Saint Patrick was born in Roman Britain in the fifth century, but was kidnapped and brought to Ireland as a slave at the age of 16. He eventually escaped but decided Ireland was a pretty cool place so he returned [insert joke about high school reunions]. He believed he was meant to bring Christianity to Ireland and its people, and so he did. The name “Saint Patrick” actually came after his death, when an Irish cleric needed a figure he could use to unite the Irish people.
As the patriotism of the immigrants grew, Irish societies arose and would hold annual parades. In 1848, the societies decided to combine their parades to create one giant parade in New York. This became the New York City St. Patrick’s Day Parade, the world’s oldest civilian parade. It also became the largest in the United States with over 150,000 participants, a 1.5-mile parade route, and it takes five hours. In 1948, President Harry S. Truman attended the parade, which, for many Irish Americans was a very proud moment.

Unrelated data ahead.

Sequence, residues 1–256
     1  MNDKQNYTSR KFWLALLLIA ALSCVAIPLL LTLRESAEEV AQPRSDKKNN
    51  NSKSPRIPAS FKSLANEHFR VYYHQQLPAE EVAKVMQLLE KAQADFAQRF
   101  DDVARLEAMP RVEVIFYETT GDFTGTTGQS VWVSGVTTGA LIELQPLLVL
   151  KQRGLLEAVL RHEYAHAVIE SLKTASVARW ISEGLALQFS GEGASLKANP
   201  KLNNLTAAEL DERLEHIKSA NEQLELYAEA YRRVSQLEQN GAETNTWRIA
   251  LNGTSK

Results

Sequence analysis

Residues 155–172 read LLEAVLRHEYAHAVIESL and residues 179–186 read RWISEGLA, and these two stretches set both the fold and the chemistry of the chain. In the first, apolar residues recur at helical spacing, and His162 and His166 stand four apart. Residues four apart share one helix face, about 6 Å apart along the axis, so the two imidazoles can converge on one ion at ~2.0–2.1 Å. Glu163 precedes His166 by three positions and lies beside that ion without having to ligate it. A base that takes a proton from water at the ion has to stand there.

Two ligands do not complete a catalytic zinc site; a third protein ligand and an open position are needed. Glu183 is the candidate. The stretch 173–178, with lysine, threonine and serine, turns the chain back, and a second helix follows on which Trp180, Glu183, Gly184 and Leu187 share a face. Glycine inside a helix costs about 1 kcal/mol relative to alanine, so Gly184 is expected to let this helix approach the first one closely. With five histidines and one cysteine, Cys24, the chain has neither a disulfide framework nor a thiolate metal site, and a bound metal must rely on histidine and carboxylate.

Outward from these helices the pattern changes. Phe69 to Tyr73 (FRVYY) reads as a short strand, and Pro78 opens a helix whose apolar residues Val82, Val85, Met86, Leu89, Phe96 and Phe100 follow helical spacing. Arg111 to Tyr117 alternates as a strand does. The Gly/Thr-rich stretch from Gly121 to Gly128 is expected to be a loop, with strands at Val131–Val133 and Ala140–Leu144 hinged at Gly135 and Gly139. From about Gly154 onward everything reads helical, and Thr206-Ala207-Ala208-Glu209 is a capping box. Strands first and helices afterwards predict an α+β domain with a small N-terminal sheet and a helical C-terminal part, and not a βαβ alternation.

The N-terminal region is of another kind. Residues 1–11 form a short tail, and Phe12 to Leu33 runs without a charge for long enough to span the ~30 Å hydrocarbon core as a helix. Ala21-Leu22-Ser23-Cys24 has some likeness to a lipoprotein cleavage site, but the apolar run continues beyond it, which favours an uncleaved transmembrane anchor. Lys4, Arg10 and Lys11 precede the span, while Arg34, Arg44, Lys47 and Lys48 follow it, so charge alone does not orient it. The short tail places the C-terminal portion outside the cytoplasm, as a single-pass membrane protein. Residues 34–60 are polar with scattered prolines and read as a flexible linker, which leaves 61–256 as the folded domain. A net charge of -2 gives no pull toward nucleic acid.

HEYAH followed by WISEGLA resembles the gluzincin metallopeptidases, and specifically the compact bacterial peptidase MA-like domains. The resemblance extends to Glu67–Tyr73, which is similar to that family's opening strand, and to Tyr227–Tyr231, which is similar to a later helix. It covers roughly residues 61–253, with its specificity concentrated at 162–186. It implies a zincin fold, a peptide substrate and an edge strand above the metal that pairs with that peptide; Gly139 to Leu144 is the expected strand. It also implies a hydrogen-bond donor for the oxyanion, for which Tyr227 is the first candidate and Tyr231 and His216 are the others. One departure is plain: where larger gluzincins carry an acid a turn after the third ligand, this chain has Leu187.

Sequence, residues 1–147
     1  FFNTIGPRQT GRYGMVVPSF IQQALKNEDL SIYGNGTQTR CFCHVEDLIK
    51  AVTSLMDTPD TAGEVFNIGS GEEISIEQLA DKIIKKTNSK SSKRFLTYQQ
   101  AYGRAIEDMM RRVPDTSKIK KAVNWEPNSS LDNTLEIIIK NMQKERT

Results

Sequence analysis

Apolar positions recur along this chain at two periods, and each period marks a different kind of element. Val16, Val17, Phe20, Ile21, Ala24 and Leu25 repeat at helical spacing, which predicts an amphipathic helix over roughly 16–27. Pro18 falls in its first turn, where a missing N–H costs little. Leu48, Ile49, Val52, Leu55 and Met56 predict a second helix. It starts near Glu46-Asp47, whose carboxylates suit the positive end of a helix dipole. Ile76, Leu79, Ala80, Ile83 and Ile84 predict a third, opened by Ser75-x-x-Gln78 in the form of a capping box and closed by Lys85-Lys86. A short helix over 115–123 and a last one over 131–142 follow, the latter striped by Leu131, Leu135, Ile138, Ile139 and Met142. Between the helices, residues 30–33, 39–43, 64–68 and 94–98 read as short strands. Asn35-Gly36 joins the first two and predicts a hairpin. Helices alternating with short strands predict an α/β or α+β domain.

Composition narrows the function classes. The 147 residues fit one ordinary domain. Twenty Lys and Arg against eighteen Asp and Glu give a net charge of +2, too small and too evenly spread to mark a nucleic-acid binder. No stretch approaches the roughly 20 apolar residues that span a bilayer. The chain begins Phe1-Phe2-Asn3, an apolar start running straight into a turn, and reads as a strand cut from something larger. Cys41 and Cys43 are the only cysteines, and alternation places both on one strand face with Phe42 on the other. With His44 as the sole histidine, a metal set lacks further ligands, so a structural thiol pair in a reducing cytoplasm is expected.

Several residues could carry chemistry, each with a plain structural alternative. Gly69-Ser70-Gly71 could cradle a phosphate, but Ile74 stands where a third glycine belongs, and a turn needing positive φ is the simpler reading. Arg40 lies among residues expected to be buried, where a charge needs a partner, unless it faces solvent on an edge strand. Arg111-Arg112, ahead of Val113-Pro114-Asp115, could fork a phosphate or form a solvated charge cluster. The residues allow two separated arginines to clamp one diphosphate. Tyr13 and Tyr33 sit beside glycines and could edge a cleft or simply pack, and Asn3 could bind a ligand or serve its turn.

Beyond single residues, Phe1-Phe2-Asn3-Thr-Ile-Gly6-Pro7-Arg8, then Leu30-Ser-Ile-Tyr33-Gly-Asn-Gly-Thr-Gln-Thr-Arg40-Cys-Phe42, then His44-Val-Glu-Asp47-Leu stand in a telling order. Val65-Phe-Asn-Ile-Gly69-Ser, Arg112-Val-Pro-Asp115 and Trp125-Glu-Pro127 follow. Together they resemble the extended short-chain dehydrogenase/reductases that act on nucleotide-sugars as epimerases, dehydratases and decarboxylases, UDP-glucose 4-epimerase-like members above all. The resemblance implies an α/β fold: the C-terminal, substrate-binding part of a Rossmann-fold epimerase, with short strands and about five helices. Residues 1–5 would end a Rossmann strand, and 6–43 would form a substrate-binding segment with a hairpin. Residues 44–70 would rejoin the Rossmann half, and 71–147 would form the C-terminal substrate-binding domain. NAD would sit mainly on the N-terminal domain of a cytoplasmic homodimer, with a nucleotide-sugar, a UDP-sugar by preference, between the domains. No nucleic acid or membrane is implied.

Kiss Me, I’m Basically A Castle
The story behind the quintessential “kiss me I’m Irish” (and other versions of that) quote on many shirts during St. Patrick’s Day is basically this: Irish people are the next best thing to kissing the actual stone at Blarney Castle in Ireland. Kissing the stone is said to give you the power of eloquent and persuasive speech.
Today, St. Patrick’s Day celebrations are most popular in the United States, Canada, and Australia; although Japan, Singapore, Russia, and many other countries also hold celebrations. What about Ireland? Up until the 1970’s, l laws in Ireland required bars to be closed as this was seen as a traditionally religious holiday. In 1995, however, the Irish government decided to overturn that law and instead to use the holiday to showcase Irish culture to residence and tourists.